This is a picture of Michael Jordan with a ball in his hands. Beside him it says: How many times did Michael Jordan Miss the Playoffs?

How many times did Michael Jordan miss the playoffs?

NBA fans might ask themselves: How many times did Michael Jordan miss the playoffs? The answer is twice. 

MJ made the playoffs every year during his time with the Bulls. But when Jordan returned to play with a weak Wizards roster at ages 38 and 39, he missed the playoffs in both of his last two NBA seasons. 

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Michael Jordan’s Early Bulls Years: Barely Making the Playoffs

Many players miss the playoffs in some of their earliest years. Great players are often chosen by losing teams without much of a supporting cast. This was certainly true for Michael Jordan, the third pick in the 1984 NBA Draft.

In his first few years in the league, the Bulls did not have much surrounding MJ. The next two highest scorers for the Bulls in Jordan’s rookie year were Orlando Woolridge and Quintin Dailey. 

It didn’t matter! Jordan was such a dominant force that he dragged those early Bulls teams to the playoffs practically by himself. 

In his rookie year, the team was a little below .500 and got handled in the first round of the playoffs by the Milwaukee Bucks starring Terry Cummings and Sydney Moncrief.

MJ missed most of his second season with a foot injury but the 30-win Bulls still snuck into the playoffs. That 1985-1986 season was the closest Jordan came to missing the playoffs with the Bulls.

Jordan returned for the playoffs but his Bulls got swept by the eventual-champion Celtics. He did manage to set an NBA record with 63 points in a game 2 loss to the Green. 

In his third year the Bulls were once again nearly .500 and got defeated in the first round of the playoffs by Larry Bird’s Celtics.   

Michael Jordan’s Prime Years: In the Playoffs Every Year

You certainly would not expect one of the greatest players in NBA history to miss the playoffs during the prime of his career. And Michael Jordan did not.

I wrote about MJ’s prime here. In the article, I discussed two ideas about a player’s prime: a short prime or a long prime. 

If you take the player’s absolute best years, then the Bulls first threepeat would qualify as Jordan’s prime. During those years he was statistically dominating the league and winning titles. It is hard to get better than that. 

But I also mentioned that you could look at a player’s prime as the time when he was at his peak – when he had matured into an NBA star but had not yet regressed due to age. 

If you accept this longer prime premise, MJ had a crazy long prime. He came into the league as a total force: he scored 28 per game as a rookie and was averaging 37 per game by his third year. 

As I mentioned above, he dragged those early Bulls teams to the playoffs practically by himself.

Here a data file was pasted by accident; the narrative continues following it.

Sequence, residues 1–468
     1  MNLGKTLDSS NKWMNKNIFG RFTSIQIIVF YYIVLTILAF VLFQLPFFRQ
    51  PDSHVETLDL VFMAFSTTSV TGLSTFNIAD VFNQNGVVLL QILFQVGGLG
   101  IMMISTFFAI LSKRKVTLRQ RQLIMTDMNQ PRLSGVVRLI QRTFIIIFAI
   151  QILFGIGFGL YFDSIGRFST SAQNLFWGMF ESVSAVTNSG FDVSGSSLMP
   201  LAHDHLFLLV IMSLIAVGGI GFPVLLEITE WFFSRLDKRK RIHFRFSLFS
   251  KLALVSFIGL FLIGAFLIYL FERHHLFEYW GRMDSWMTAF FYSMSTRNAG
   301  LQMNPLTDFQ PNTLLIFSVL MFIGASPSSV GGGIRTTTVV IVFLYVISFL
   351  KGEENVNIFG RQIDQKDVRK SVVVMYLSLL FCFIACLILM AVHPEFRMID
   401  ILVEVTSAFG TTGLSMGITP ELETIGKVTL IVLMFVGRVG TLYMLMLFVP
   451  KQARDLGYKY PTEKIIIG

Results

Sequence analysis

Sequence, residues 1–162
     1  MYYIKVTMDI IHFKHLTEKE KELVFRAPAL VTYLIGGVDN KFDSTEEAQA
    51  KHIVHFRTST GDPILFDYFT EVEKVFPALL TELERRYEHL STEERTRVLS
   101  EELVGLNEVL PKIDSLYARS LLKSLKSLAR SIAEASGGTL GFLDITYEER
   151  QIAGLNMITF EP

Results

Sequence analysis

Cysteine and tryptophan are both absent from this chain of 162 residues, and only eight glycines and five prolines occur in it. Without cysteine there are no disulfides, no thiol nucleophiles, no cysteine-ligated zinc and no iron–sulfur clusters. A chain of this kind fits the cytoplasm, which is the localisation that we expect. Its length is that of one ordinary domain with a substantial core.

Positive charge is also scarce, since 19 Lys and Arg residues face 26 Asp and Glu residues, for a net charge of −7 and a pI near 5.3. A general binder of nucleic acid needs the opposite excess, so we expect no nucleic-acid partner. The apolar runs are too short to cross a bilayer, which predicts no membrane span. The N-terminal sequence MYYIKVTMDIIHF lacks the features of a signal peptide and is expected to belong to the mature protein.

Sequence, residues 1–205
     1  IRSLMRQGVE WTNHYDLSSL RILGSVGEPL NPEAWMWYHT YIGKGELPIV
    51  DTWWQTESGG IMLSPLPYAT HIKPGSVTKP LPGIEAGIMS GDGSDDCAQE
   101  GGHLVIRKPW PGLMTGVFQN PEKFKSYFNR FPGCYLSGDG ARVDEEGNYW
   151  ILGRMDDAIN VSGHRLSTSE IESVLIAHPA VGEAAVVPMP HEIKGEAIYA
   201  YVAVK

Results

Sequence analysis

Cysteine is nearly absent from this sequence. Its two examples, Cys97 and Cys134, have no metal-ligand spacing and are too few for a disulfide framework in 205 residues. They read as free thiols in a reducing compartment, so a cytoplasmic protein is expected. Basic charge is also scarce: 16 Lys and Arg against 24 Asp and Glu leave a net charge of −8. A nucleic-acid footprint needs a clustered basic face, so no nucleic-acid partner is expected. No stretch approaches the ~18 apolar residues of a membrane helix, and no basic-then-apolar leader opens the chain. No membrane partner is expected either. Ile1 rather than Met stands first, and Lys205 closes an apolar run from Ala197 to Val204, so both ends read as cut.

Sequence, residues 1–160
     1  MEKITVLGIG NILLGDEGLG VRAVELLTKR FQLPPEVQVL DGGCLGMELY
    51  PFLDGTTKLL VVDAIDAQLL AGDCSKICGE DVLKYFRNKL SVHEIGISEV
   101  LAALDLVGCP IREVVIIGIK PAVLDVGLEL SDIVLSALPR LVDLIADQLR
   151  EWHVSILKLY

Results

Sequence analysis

In Michael Jordan’s fourth season with the Bulls, the team brought in both Scottie Pippen and Horace Grant, won fifty games and won his first playoff series. 

From there, they were rolling. Jordan’s Bulls teams were never again close to not making the playoffs.

The Bulls lost to the Pistons in that fourth season, and the next two. The Bad Boy Pistons used the “Jordan Rules” to keep MJ from ascending to the NBA’s throne. 

In his seventh season, MJ’s Bulls won his first NBA title.  From there, they won two straight. After that, MJ retired for the first time.

He only missed one full season, and most of the next, before returning. Upon Michael Jordan’s return from playing baseball, the Bulls made the playoffs but were beaten by a young Orlando Magic team starring Penny Hardaway and Shaq

The next year, the Bulls acquired Dennis Rodman and began their second threepeat. Jordan retired after the Bulls second unbelievable run through the league ending his Bulls career without ever missing the playoffs. 

Michael Jordan on the Wizards: Missing the Playoffs

Jordan’s second retirement lasted three full seasons.

During that time, Michael Jordan made his first move towards team ownership. Washington Wizards owner Abe Pollin hired Jordan as team president. 

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But Jordan was a poor executive and the team won 14 and 19 games in his first two seasons as team president. 

It was then that Jordan decided his best move as team president would be to play. So he did. 

Michael Jordan played two seasons for the Washington Wizards at age 38 and 39. He could still play decently. He averaged 23 points, 6 rebounds and five assists per game in his first Wizards seasons. He then put up 20 points, 6 boards and 4 assists per game in his final NBA season. 

But a still-pretty-good MJ playing was not enough to drag the roster he had overseen as the president to the playoffs. Michael Jordan missed the playoffs for the only two times in his career in his last two seasons playing in the NBA. 

The roster Jordan the executive put together was quite weak featuring Rip Hamilton, former Dream Teamer Christian Laettner, but not much else. 

The Wizards nearly doubled their win total in Jordan’s first season back playing going from 19 wins the prior season to 37 with him on the court. But they could do no better the next season finishing with the same 37 wins again, thus ensuring MJ would end his career with two straight playoff misses. 

Check Out My Other Michael Jordan Articles

Featured Image Photo Credit: Modified From Chicago Bulls. Michael Jordan 1997 Steve Lipofsky Creative Commons Attribution-Share Alike 3.0

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